Nord Unit consists of 3 members: Fedor Danilov, Denis Dorohov, and Dmitry Konarev. Hyperforma is our first project.
Denis and I (Fedor) used to be web and graphic designers. Once, when we had an Open House Day at our studio, we met a student with enthusiasm in his eyes who was eager to make games. That was our Dmitry. After that day, we decided to spend a couple of months to make a simple game. That how Hyperforma began.
About Hyperforma & Its Mechanics
The first prototype of the game we made was a kind of inverted arcade: it was a ball flying across the screen, while a player was rotating a form in the center of the screen and controlling its bounces. The idea seemed to be interesting and we got down to the development. We prepared a few concepts and opted for a cyberpunk setting with security hacking gameplay.
Hyperforma is a puzzle arcade game in a sci-fi setting, where a player is traveling across an old abandoned Net to hack it. Hyperforma is one of those games, which gameplay is hard to explain without trying it. At first glimpse, it may seem to be a bit complicated.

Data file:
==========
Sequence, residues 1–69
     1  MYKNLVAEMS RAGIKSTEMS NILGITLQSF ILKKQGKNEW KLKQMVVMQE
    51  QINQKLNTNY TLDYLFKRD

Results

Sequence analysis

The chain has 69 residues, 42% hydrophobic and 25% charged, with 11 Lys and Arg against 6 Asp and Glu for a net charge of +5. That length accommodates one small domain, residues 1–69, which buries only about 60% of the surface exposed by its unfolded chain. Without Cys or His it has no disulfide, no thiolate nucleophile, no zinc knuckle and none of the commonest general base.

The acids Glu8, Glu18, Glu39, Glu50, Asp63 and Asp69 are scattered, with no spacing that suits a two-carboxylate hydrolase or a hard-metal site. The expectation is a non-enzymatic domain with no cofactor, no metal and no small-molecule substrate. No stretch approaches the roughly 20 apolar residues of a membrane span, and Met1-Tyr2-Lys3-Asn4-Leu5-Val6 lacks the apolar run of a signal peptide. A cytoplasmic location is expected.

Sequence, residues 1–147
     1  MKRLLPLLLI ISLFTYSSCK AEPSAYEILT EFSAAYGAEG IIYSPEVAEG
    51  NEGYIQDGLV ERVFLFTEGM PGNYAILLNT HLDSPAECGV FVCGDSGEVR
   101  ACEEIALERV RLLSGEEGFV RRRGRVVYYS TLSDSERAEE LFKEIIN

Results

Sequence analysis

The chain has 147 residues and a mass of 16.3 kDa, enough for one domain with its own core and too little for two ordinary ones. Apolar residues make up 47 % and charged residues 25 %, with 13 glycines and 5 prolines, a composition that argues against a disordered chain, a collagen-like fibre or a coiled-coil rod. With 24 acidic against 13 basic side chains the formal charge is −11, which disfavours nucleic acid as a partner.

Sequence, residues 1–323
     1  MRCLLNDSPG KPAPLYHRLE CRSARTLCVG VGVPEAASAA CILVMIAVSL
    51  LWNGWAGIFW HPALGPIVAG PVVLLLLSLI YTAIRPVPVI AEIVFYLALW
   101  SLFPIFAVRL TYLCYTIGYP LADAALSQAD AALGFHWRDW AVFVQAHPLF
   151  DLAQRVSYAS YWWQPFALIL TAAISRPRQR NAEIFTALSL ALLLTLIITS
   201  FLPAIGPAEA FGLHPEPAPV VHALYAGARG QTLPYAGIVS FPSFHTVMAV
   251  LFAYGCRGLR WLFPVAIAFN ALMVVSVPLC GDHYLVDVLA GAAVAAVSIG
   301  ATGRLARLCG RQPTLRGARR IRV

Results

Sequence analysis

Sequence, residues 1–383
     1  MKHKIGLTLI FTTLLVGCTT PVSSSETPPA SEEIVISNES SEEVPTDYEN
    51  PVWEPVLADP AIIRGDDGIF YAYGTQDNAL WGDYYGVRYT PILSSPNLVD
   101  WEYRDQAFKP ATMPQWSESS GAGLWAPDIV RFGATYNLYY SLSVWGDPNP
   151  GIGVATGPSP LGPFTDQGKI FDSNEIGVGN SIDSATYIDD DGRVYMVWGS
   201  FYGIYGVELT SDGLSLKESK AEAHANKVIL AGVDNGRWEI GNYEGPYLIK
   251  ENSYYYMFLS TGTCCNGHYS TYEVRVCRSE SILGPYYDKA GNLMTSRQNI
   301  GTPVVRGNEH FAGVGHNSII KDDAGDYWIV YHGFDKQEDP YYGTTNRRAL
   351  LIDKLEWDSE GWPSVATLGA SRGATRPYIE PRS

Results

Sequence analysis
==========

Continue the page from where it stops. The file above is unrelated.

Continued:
The game combines 2D and 3D.
The core gameplay is based on a classic pong mechanic: a ball (in fact, it is a little protagonist) is flying across the screen and breaking the objects.
Here comes the interesting part - the main aim is a 3D object at the center of the scene. What is more, a player can rotate the form to choose the best place to attack or to avoid some dangerous objects. Not bad, huh? In practice, it's a lot easier than it sounds.
So, the main goal of the player is to destroy the aim at the center of each level. By doing that, you hack a part of the cybersecurity of the main boss. The game is divided into chapters, each of which has a unique boss and gameplay. This motivates a player to analyze the enemy and find the best approach to kill it.
Hyperforma is also can be called an action RPG.
As we gain experience and upgrade the abilities of the protagonist, the player is given the freedom to create different tactics for walking through the levels.
Each chapter ends with a boss fight. It is the second type of gameplay - Bullet Hell. We are moving in circles, dodge enemy attacks and fight back.